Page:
Conservation image

In addition to caring for the paintings in the collection of the J. Paul Getty Museum, the Paintings Conservation Department has an active program partnering with other institutions to study and restore major works of art from their collections. Working in close collaboration with conservators and curators from the Getty Museum, as well as partner institutions, CRL scientists address questions regarding the composition of the materials used by the artist or previous conservators, together with the physical process and sequence of painting. Answers to these questions may be found through the examination of tiny samples taken from a painting and prepared as cross-sections to reveal the build-up of successive layers (i.e., stratigraphy).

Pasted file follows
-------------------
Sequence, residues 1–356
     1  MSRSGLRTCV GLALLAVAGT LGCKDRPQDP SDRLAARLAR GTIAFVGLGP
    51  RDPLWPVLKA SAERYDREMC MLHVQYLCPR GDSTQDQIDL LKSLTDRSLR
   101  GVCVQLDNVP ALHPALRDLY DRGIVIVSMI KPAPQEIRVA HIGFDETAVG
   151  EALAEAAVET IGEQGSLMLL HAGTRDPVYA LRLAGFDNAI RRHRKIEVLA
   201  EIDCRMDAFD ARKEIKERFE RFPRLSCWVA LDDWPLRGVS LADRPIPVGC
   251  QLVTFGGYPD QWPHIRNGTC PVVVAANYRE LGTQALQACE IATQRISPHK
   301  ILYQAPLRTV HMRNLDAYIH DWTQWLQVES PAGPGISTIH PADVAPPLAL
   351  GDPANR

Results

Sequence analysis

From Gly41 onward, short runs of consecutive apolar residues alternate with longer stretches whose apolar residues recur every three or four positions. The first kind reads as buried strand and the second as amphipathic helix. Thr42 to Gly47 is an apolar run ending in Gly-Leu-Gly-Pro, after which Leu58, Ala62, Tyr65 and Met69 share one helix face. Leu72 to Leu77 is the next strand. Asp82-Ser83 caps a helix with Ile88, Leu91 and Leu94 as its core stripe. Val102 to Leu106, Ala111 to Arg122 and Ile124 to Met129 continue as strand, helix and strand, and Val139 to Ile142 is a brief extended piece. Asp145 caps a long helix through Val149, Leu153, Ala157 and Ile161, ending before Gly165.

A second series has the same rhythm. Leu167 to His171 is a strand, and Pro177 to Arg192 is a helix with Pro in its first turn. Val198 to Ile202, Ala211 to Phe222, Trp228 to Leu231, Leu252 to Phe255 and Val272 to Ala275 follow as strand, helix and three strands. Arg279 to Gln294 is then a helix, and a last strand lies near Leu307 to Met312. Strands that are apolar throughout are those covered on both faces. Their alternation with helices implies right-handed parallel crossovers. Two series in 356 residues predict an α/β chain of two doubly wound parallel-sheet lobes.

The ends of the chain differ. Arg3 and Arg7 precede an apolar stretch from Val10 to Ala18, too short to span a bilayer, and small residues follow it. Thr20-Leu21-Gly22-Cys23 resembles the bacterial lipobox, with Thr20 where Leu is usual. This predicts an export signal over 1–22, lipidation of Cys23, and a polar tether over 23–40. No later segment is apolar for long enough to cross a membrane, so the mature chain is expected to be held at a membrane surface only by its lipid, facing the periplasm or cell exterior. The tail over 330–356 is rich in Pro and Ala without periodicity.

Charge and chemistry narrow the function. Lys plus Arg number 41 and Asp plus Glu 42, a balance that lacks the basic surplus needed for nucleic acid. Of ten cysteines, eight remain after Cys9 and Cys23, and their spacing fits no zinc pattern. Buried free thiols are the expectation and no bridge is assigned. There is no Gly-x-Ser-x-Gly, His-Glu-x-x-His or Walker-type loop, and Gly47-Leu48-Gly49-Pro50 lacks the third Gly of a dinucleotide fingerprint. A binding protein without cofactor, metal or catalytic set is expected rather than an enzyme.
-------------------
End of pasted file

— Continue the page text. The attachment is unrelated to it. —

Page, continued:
Another common area of study involves changes which may have occurred in the image or the physical structure of the painting, the understanding of which may help conservators determine the best course of treatment. Scientific analysis of cross-sections typically involves microscopic visual examination coupled with elemental analysis by scanning electron microscopy with energy dispersive spectroscopy (SEM-EDS). Analysis of organic materials (such as binders and varnishes) may be carried out using techniques such as GC-MS or FTIR.

Case Study: The Working Methods of Degas: The Milliners (4 pp., PDF, 268KB)

Case Study: Technical Studies of Exotic Animal Portraits by Jean-Baptiste Oudry (10pp., PDF, 1.2MB)

Last updated: June 2009